Google experiment: shorten your name

While scrolling through Matt’s conference notes, I’ve stopped for a second at his name and contact information slide. Two slides actually. The first one has the name “Matt Mullenweg” and a picture of him a few years back (either that, or a totally strange other boy). The second one has the URL to his website – and a quick tip on how to find it – Google “matt“.

Now it’s that last bit that caught my attention. I saw it before, but never thought about how nice it is. Google for “matt” is much easier to remember than “” or “Matt Mullenweg”. Isn’t it?

Well, it would be nice if it was so simple and effective for everyone. But it’s not.

My blog used to come up within the first ten or so results when Googling for “Leonid”. But nto anymore, and righteously so – there are more important Leonids. Like “Leonid Brezhnev” and “Leonid meteor shower“.

My surname though is pretty unique. If you Google for “mamchenkov”, you get exactly what you should. But the problem is that noone can remember “mamchenkov”. And half of those who can, can’t type it in correctly.

So, I tried to find a shorter way of looking myself up. The experiment with chopping some letters off my surname didn’t work out:

  • mamchenkov – ideal, but nobody can remember this.
  • mamchenko – nobody can remember this, and it doesn’t work anyway.
  • mamchenk – only 3 results, but all of them are related to me. Nothing direct though.
  • mamchen – nothing for me, but a bunch of results overall. One of them is this funny doll.
  • mamche – chance. is a popular classifieds portal in Bulgaria.
  • mamch – nothing for me, loads of international stuff, and a suggestion to search for “match” instead.
  • mamc – these four letters have less to do with my surname than I thought.
  • mam – to say the least, this is a very popular abbreviation.
  • ma – 1,560,000,000 results. My life is too short to page forward to see if I am 1,560,000,000 or 1,559,999,999…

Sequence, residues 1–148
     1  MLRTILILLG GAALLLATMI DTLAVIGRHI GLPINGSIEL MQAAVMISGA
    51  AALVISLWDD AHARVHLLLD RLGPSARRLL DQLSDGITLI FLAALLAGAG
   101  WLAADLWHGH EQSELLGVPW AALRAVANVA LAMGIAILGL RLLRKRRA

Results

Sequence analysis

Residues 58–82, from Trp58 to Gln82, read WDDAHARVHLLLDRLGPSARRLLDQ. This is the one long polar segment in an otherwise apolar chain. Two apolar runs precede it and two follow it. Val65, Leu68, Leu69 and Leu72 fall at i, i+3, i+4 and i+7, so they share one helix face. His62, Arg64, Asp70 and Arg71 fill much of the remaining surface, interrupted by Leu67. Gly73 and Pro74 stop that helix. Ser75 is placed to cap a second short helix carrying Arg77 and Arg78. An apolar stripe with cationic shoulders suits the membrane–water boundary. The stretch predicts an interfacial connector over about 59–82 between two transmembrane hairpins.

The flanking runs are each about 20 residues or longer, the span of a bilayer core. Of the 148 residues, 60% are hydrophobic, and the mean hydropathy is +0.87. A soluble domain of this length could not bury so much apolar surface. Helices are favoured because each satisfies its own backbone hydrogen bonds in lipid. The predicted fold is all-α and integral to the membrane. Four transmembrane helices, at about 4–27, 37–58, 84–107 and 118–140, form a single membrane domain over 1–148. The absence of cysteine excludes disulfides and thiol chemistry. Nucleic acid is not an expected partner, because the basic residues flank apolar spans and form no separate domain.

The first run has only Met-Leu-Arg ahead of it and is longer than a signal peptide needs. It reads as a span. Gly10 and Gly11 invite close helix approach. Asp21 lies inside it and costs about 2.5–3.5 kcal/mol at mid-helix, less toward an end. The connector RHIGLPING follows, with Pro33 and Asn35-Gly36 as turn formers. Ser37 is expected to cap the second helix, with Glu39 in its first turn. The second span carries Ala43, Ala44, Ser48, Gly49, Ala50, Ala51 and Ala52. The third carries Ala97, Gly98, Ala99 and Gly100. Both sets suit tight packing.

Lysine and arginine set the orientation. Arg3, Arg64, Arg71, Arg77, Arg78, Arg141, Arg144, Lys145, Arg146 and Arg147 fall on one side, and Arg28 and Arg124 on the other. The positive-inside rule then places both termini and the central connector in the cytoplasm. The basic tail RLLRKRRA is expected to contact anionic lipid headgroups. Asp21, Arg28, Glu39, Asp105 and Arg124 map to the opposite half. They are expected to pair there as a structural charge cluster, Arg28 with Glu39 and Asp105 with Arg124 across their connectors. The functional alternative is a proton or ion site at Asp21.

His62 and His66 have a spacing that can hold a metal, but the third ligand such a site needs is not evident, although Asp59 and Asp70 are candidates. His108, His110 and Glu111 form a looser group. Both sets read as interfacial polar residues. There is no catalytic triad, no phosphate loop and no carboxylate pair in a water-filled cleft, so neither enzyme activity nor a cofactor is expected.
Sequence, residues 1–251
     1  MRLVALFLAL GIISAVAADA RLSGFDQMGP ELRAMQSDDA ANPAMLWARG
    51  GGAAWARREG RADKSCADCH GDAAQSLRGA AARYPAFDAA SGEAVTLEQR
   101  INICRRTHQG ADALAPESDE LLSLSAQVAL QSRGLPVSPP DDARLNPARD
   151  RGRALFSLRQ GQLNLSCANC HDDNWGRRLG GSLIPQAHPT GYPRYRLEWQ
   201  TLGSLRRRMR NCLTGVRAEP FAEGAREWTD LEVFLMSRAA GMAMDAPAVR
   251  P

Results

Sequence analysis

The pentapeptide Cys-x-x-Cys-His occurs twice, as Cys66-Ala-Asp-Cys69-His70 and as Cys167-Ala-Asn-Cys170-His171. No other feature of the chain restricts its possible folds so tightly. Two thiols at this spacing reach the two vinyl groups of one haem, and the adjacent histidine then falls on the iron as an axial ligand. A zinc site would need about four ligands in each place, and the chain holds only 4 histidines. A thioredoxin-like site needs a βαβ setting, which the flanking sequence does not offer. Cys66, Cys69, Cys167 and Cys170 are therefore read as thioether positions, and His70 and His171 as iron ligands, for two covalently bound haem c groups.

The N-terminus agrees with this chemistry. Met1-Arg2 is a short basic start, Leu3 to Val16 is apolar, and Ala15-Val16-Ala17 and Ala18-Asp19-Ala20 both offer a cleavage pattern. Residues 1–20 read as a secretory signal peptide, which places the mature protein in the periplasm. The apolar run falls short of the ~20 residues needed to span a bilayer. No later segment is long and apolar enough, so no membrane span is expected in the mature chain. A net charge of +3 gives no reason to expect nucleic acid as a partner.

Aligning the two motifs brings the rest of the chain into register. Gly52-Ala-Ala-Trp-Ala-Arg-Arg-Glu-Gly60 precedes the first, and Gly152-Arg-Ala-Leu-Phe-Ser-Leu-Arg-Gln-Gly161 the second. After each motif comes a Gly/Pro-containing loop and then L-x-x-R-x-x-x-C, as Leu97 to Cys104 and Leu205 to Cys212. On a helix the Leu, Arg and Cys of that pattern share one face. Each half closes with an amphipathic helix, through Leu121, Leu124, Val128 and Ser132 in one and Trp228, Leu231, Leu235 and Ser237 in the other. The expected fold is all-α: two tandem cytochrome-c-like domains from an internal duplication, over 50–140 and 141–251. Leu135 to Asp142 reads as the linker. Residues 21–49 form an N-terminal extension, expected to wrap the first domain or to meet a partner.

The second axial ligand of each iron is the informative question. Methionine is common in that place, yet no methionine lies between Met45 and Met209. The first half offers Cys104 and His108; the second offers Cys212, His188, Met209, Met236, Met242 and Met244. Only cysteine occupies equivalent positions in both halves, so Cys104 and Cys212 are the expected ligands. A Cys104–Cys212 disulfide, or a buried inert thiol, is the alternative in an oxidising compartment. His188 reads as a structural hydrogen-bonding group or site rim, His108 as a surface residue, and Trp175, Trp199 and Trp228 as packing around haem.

• m – this is the title of the movie, that has been building up its Google rating since 1931. Obviously, I’m not in it.

Mkay… so much for the surname.

I’ve played some more with Google results, and the shortest string that people can actually remember, seems to be “Leonid Cyprus” (“Leonid in Cyprus” works the same way). This one is OK for now, but I’ll have to work on something better.

What’s the easiest way to find your website?

4 thoughts on “Google experiment: shorten your name”

  1. “Sue Cyprus” (without quotes) or “Sue in Cyprus” (with or without quotes) finds my blog. Scary, as I’m sure there are many other Sues in Cyprus who must be a bit annoyed to find me more easily findable than they are.

  2. If you google “Constantinos” I am on page 3 for now. If you google “image2post” I am the first hit, same goes for “current-mood” not first hit though first page.

    And the strangest if you google “ilovems” I am the second result. And I don’t even like MS not love it :D.

  3. Guess how to get your site in google could probably qualify as a post by itself… I remember some other key factors are the keywords in the URL itself, and the keywords within Titles and Headings. There are plenty of articles that explain this, including some on google bombing (eg google for miserable failure) :mrgreen:

  4. Hi Sanjay,

    “how to get your site in google” is a topic of many books. It’s one of the hottest issues in technology today. :)

    My focus is more on a “best way to remember how to find your website” topic.

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